IDEAS home Printed from
MyIDEAS: Login to save this paper or follow this series

Efficient Propagation of Shocks and the Optimal Return of Money

  • Ricardo Cavalcanti
  • Andres Erosa

We show that price stickiness is predicted by the theory of second best, applied to a random- matching model of money. The economy is hit with iid, aggregate, preference shocks, and allocations are allowed to be history dependent. Due to individual anonymity and lack of commitment, implementable allocations must satisfy participation constraints. Price stickiness becomes necessary for optimality, in terms of average, ex-ante welfare, when aggregate uncen- tainty is present but not too severe, and the degree of patience is neither too low or too high. By applying mechanism design to an alternative economy with centralized markets, we also Þnd important that macroeconomic policies, such as the taxation of money holdings, are unable to implement the Þrst best for price stckiness to have a social role

If you experience problems downloading a file, check if you have the proper application to view it first. In case of further problems read the IDEAS help page. Note that these files are not on the IDEAS site. Please be patient as the files may be large.

File URL:
Our checks indicate that this address may not be valid because: 404 Not Found ( [301 Moved Permanently]--> If this is indeed the case, please notify (Christian Zimmermann)

File Function: main text
Download Restriction: no

File URL:
Download Restriction: no

Paper provided by Society for Economic Dynamics in its series 2006 Meeting Papers with number 738.

in new window

Date of creation: 03 Dec 2006
Date of revision:
Handle: RePEc:red:sed006:738
Contact details of provider: Postal: Society for Economic Dynamics Marina Azzimonti Department of Economics Stonybrook University 10 Nicolls Road Stonybrook NY 11790 USA
Web page:

More information through EDIRC

No references listed on IDEAS
You can help add them by filling out this form.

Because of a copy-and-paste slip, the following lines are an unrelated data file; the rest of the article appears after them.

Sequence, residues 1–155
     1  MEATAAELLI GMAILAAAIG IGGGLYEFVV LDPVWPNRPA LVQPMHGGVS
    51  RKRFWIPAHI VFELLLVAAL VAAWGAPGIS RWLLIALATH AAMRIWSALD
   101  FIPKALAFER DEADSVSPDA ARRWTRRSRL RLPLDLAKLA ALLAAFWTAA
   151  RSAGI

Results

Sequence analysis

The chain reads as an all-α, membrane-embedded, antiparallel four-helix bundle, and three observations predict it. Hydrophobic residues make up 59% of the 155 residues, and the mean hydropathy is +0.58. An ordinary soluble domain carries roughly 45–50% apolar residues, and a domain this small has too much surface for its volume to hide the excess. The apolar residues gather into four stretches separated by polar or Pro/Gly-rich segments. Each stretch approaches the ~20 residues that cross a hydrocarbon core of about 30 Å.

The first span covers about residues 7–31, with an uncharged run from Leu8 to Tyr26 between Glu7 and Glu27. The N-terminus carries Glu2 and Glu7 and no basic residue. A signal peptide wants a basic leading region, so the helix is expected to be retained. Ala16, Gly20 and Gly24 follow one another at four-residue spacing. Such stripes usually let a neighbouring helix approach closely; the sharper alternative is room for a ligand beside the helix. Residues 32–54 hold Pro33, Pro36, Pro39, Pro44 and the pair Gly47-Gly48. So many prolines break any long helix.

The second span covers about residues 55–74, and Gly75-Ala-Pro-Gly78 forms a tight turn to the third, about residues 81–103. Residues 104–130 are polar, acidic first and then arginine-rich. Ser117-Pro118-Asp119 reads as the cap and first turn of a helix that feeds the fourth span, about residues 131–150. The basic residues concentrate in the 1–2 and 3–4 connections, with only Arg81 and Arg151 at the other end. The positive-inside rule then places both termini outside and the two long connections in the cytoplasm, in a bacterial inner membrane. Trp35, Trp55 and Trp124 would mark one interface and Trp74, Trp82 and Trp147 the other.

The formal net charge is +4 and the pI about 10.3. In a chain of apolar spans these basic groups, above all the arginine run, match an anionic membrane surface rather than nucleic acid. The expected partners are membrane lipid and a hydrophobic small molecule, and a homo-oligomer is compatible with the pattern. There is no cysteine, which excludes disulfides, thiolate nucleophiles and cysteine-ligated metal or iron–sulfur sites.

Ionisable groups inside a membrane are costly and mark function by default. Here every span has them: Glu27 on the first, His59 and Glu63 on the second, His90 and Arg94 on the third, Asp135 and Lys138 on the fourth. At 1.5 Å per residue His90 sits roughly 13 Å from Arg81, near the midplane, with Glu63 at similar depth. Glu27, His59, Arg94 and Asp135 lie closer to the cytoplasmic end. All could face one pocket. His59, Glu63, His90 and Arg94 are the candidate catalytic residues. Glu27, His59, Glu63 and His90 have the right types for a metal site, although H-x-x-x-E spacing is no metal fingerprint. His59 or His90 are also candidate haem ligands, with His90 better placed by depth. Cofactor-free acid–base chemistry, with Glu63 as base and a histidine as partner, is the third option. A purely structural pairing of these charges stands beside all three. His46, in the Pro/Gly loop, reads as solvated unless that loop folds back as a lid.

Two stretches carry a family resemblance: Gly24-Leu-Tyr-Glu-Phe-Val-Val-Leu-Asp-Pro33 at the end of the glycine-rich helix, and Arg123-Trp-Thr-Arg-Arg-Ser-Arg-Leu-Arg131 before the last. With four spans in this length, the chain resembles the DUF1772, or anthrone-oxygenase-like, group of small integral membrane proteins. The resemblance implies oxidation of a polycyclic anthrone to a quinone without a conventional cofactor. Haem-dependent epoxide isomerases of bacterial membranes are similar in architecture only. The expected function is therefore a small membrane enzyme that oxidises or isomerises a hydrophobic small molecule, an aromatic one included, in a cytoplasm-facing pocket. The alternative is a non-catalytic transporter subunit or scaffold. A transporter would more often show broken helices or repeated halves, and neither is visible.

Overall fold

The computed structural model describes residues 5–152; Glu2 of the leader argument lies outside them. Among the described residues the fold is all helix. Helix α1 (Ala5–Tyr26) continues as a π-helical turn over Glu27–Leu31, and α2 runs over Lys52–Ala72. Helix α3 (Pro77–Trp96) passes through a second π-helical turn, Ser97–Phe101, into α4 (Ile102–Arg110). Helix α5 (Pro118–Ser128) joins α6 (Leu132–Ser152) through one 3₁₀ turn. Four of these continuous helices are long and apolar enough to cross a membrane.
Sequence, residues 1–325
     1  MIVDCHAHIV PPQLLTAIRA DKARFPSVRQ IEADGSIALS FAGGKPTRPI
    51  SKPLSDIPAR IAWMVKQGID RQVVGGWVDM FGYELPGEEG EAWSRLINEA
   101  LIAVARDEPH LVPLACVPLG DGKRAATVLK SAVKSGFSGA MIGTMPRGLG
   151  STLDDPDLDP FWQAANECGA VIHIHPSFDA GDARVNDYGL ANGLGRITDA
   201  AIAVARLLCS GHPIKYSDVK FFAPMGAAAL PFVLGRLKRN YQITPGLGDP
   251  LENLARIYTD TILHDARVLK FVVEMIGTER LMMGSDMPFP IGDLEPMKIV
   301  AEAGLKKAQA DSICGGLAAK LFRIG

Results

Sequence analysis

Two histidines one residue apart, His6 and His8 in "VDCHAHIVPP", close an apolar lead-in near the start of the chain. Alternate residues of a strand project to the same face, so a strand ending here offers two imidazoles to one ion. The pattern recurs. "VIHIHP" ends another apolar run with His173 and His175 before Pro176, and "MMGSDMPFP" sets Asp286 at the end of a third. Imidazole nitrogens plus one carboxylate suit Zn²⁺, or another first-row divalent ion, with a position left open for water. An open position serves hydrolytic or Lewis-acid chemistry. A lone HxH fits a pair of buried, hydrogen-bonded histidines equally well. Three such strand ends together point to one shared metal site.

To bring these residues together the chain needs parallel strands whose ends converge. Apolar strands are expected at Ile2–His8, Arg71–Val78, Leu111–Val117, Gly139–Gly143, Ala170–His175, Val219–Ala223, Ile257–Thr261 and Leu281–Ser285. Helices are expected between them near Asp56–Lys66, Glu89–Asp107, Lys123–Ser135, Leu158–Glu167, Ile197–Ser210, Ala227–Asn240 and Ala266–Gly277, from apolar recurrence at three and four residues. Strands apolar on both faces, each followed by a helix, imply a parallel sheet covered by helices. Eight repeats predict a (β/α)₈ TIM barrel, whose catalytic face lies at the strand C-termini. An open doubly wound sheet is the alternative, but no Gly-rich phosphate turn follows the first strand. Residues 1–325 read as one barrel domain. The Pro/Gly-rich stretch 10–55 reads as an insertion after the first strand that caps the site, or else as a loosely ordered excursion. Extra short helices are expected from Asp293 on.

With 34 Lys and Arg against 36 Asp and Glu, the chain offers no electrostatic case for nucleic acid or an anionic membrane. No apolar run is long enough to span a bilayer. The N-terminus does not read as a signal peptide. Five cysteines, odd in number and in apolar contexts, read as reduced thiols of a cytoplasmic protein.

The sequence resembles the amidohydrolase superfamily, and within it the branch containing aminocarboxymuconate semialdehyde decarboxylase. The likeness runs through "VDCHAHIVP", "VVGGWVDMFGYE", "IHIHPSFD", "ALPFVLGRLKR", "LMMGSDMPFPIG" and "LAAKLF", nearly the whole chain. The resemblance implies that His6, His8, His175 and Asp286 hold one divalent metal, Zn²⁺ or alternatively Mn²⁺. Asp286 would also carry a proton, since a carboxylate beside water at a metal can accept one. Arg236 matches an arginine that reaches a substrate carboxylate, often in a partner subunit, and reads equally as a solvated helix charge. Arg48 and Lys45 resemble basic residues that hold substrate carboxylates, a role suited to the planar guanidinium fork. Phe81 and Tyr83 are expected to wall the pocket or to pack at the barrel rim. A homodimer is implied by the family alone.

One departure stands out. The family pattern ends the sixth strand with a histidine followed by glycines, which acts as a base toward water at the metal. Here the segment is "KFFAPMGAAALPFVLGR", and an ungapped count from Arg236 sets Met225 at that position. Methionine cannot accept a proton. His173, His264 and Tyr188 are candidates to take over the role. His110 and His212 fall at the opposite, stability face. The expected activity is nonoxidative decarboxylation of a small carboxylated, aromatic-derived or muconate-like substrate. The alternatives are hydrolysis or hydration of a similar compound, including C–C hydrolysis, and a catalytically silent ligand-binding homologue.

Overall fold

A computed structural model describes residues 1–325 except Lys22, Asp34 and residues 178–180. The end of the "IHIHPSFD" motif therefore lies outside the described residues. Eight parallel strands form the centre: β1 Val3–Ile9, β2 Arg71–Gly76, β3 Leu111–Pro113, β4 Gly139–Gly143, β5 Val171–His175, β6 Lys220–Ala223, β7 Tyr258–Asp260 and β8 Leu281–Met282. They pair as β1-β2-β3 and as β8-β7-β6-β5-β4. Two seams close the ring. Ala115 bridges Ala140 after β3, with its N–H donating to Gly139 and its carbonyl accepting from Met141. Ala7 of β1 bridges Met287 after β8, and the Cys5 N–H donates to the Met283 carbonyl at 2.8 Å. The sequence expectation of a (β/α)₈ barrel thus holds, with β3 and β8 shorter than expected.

This item is featured on the following reading lists or Wikipedia pages:

  1. Canadian Macro Study Group

When requesting a correction, please mention this item's handle: RePEc:red:sed006:738. See general information about how to correct material in RePEc.

For technical questions regarding this item, or to correct its authors, title, abstract, bibliographic or download information, contact: (Christian Zimmermann)

If you have authored this item and are not yet registered with RePEc, we encourage you to do it here. This allows to link your profile to this item. It also allows you to accept potential citations to this item that we are uncertain about.

If references are entirely missing, you can add them using this form.

If the full references list an item that is present in RePEc, but the system did not link to it, you can help with this form.

If you know of missing items citing this one, you can help us creating those links by adding the relevant references in the same way as above, for each refering item. If you are a registered author of this item, you may also want to check the "citations" tab in your profile, as there may be some citations waiting for confirmation.

Please note that corrections may take a couple of weeks to filter through the various RePEc services.

This information is provided to you by IDEAS at the Research Division of the Federal Reserve Bank of St. Louis using RePEc data.